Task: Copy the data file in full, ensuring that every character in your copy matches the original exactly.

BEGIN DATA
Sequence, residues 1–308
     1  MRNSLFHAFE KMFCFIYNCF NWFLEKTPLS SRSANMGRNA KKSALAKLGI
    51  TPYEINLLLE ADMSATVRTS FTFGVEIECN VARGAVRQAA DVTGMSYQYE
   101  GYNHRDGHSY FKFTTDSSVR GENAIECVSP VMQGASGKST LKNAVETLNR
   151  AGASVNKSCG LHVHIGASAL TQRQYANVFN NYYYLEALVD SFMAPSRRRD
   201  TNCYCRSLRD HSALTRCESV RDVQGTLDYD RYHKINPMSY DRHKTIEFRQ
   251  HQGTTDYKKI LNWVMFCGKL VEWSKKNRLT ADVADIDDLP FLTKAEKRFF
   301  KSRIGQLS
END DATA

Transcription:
Sequence, residues 1–308
     1  MRNSLFHAFE KMFCFIYNCF NWFLEKTPLS SRSANMGRNA KKSALAKLGI
    51  TPYEINLLLE ADMSATVRTS FTFGVEIECN VARGAVRQAA DVTGMSYQYE
   101  GYNHRDGHSY FKFTTDSSVR GENAIECVSP VMQGASGKST LKNAVETLNR
   151  AGASVNKSCG LHVHIGASAL TQRQYANVFN NYYYLEALVD SFMAPSRRRD
   201  TNCYCRSLRD HSALTRCESV RDVQGTLDYD RYHKINPMSY DRHKTIEFRQ
   251  HQGTTDYKKI LNWVMFCGKL VEWSKKNRLT ADVADIDDLP FLTKAEKRFF
   301  KSRIGQLS